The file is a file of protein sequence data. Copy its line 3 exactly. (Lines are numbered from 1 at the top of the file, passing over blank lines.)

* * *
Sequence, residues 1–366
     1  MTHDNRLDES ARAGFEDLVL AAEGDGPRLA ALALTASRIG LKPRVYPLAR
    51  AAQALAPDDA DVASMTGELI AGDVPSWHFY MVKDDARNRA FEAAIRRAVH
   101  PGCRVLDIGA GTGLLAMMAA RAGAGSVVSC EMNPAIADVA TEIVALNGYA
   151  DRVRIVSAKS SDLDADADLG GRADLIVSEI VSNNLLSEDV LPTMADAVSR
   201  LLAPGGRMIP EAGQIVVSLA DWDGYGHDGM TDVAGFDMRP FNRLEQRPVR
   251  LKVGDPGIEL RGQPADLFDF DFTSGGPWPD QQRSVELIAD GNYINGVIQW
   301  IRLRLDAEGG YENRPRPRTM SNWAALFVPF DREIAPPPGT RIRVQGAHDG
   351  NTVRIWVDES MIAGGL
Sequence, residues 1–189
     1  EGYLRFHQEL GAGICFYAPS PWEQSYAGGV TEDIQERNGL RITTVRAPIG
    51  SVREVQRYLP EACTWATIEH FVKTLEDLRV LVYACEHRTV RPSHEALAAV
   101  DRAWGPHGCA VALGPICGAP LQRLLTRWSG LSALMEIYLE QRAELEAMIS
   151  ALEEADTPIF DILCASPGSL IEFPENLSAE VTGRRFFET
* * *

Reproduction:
    51  AAQALAPDDA DVASMTGELI AGDVPSWHFY MVKDDARNRA FEAAIRRAVH